What is Combinatorial Game Theory?

Combinatorial game theory is a branch of theoretical computer science and mathematics that studies sequential games. The study has been mainly confined to two-player games with a position in which players take turn changing. Traditionally, the combinational game theory has not studied games of chance or games that use incomplete or imperfect information, favoring games that provide complete information in which set of available moves and state of the game is always known by both players. As mathematical techniques advance, however, the types of games that can be analyzed mathematically expands, therefore, the boundaries of the field are constantly changing.
Examples of combinatorial games are Go, Checkers, Chess, and Tic-tac-toe. The first three games are categorized as non-trivial while the last one is categorized as trivia. In combinatorial game theory, the moves in these games are represented as a game tree. Some one-player combinatorial puzzles (such as Sudoku) and no-player automata (such as Conway’s Game of Life) are also categorized as combinatorial games.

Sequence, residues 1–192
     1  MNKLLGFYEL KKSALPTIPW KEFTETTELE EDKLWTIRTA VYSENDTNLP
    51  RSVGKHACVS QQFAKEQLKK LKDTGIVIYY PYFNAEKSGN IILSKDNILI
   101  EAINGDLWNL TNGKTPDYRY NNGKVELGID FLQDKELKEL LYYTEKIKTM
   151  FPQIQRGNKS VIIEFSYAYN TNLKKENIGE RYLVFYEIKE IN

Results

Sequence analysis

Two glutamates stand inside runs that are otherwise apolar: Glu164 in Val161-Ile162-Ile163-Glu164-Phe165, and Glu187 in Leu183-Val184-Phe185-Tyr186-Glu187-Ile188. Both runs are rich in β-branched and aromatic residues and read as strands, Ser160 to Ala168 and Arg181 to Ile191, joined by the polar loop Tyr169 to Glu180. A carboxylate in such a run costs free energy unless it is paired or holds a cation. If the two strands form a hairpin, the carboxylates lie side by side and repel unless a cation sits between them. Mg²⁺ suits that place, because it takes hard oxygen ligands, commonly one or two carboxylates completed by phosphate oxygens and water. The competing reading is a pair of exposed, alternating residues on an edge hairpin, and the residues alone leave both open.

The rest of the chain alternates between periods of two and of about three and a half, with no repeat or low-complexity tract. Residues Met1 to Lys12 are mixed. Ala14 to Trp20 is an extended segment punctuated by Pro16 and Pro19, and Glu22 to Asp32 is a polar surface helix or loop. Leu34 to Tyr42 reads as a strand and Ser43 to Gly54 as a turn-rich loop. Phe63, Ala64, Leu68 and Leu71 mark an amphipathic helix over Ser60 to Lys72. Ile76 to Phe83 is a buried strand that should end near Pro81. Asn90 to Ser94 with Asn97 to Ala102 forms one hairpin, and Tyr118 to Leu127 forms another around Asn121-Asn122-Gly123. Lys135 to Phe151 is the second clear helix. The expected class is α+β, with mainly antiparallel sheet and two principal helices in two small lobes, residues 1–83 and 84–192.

In general, game theory includes games of imperfect knowledge, games of chance, and games in which player’s moves simultaneously, tending to represent actual decision-making situations.
An important notion in combinatorial game theory is that of solved game. Tic-tac-toe, for example, is considered a solved game because it can be established that if both players play optimally, a game will result in a draw.
References
https://www.ics.uci.edu/~eppstein/cgt/
http://math.uchicago.edu/~ac/cgt.pdf
https://www.math.kth.se/matstat/gru/sf2972/2015/gametheory.pdf

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